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GA Resolution 377
March 28, 2011 | Eli. E. Hert

 

The UN Charter Does Not Support GA Resolution 377 
The most recent unlawful use of Resolution 377 was in 2004 when the UN General Assembly called upon the International Court of Justice (ICJ) for an advisory opinion regarding the construction of the fence to stop Palestinian Arab terrorists from infiltrating into Israel. 
 
The Jerusalem Post published on March 25, 2011: Israel "only just found out" about Resolution 377. This "just found topic" has been covered by me in various publications since 2004. The responsibility to act on it was and still is the business of the Government of Israel and its UN representatives. 
ICJ - Bypassing the UN Security Council 
 
In an odd conclusion, the ICJ 'found' in this case [Advisory Opinion] a "failure of the Security Council to discharge its responsibilities" [E.H., without any reference to law] then in defiance of the limited powers delegated to it by the UN Charter, by-passed the Security Council's powers and responsibilities.
Bypassing the Security Council is part of a broader campaign that should alarm all members of the Security Council, and the United States in particular. Nabil Elaraby, the Egyptian member of the ICJ Bench, openly advocated two main vehicles for institutionalizing it:
 
"The United Nations membership should, in my view, address ways and means to render the Security Council (a) accountable to the General Assembly, and (b) subject to the possibility, however remote, of a judicial review process." And according to Gregory Khalil, the PLO legal advisor in the security barrier case, the ICJ consciously sought to engage the United States in a "Tango of mutual deterrence" and "chart a path for the international community to counter the United States "veto power." The significance of the ruling cannot be overstated, he underscores: It challenges the power of the veto and the Security Council's management of "threats to world peace," using the International Court of Justice's interpretations of the rule of international law in matters of 'threats to world peace' coupled with claims that the international community is obliged to support its rulings and calling for sanctions - decisions that under Chapter VII of the UN Charter is the sole prerogative of the Security Council. Khalil calls this strategy "vetoing the veto."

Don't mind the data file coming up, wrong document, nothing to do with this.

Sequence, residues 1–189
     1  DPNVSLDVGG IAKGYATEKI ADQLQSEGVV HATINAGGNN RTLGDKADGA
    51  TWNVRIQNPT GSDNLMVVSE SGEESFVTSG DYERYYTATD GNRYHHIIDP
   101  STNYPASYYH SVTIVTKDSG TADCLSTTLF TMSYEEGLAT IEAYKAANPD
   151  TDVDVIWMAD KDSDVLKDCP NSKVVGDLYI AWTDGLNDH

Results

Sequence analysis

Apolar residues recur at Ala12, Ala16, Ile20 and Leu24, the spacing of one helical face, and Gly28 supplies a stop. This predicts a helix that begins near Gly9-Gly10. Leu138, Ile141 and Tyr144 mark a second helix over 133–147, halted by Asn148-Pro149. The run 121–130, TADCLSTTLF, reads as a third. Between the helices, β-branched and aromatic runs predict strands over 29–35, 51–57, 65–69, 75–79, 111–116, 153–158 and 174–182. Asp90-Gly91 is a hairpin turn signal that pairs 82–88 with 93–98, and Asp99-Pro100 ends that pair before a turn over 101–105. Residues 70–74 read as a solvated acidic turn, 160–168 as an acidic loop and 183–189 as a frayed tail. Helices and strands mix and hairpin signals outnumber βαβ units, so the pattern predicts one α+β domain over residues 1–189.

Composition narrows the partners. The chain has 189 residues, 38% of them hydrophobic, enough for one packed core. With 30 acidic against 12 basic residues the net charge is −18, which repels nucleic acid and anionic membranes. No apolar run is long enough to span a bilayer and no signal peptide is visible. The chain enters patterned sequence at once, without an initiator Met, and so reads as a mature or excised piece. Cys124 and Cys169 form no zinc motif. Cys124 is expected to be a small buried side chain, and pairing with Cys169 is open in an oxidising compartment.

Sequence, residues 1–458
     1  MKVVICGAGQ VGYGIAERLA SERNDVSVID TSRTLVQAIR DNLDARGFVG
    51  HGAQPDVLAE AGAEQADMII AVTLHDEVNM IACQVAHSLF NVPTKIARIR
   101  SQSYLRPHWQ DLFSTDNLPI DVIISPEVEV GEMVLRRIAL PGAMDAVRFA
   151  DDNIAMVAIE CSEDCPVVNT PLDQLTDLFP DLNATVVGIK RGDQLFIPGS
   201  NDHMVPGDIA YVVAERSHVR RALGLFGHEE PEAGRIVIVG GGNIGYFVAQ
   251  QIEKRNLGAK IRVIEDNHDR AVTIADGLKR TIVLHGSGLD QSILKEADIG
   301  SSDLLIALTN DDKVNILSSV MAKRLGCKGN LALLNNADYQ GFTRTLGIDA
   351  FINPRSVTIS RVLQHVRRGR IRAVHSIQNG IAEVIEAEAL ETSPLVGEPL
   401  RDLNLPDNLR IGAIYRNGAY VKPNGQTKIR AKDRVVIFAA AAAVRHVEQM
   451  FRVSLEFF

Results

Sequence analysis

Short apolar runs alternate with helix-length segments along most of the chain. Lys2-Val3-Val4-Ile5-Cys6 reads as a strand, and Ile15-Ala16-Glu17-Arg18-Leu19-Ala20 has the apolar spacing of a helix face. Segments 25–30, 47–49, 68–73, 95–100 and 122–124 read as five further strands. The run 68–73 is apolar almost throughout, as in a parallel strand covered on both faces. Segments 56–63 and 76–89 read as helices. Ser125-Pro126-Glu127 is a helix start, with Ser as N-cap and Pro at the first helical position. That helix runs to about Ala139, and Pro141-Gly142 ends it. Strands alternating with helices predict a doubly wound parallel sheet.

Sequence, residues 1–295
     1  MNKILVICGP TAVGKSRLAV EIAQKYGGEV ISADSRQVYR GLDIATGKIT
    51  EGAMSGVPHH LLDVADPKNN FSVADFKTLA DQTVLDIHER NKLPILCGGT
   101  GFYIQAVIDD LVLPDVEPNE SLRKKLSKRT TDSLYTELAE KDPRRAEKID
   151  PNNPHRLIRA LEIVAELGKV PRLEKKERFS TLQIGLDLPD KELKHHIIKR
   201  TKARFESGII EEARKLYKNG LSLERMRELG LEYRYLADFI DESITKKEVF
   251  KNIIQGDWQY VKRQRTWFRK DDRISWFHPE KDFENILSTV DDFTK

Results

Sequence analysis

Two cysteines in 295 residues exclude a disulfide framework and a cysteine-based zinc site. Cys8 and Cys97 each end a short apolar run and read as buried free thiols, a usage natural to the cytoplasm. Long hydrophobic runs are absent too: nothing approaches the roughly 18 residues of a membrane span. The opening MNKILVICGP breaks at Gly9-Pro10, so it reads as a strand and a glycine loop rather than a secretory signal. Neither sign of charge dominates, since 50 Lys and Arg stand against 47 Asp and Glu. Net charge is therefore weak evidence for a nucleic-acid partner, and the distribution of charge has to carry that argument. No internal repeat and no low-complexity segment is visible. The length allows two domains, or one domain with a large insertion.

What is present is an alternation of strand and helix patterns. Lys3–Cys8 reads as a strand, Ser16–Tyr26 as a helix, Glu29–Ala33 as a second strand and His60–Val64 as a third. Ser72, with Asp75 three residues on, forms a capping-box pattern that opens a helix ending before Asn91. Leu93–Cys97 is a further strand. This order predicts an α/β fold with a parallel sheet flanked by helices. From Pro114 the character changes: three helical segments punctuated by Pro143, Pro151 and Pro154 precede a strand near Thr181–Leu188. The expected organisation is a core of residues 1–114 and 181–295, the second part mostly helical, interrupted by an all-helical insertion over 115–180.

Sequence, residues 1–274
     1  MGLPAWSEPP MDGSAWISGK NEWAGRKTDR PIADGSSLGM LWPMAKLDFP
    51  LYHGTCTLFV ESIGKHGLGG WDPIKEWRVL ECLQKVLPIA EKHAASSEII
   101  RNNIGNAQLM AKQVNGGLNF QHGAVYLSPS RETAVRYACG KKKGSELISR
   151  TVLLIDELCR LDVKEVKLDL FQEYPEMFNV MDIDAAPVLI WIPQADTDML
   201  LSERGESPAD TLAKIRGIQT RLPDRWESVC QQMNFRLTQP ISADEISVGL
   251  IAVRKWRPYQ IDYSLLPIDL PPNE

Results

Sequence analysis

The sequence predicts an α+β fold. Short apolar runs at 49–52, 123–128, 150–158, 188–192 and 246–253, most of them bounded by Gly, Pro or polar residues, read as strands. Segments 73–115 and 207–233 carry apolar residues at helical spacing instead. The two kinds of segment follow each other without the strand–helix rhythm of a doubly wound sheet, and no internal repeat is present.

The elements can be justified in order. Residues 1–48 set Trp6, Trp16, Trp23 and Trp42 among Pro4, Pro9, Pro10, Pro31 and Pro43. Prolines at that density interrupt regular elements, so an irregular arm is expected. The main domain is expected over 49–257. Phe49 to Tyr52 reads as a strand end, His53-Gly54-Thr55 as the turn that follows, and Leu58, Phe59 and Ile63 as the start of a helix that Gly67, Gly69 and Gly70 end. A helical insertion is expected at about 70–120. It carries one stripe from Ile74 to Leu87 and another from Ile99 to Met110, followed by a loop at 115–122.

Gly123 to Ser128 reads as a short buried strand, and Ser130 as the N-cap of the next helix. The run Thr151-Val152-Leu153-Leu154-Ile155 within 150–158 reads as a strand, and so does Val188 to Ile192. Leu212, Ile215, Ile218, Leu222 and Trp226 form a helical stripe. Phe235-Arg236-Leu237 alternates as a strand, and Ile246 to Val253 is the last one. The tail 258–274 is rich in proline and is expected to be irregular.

The "Advisory Opinion" signed by the Court's president, Shi Jiuyong from China,  constitutes a profound corruption of its mission and one with seismic implications for the future of international law. It threatens the security of America and its allies on three levels: first, in its groundbreaking attack on the 'right to self-defence,' proscribing an almost blanket prohibition of use of lawful force. Second, it erroneously adopts the exclusive powers granted to the Security Council by the United Nations Charter, a move that will render the Security Council ineffective, and third, in the willingness of the Bench to allow its chambers to become a political instrument and to abandon all semblance of fairness or professionalism, all for political gain.
 
The threats to the free and democratic states consequently demand a far more serious, systematic and frank response, including a willingness to challenge the competence of this Court. Attempts to shield the International Court of Justice from this disgrace out of concern for its perceived reputation and effectiveness are short-sighted. At all too many junctures it appears that the ICJ's conclusions are based solely on 'gut feelings' and unsubstantiated assumptions - almost taking a leap of faith based on a mixture of personal and collective prejudice and popular opinion.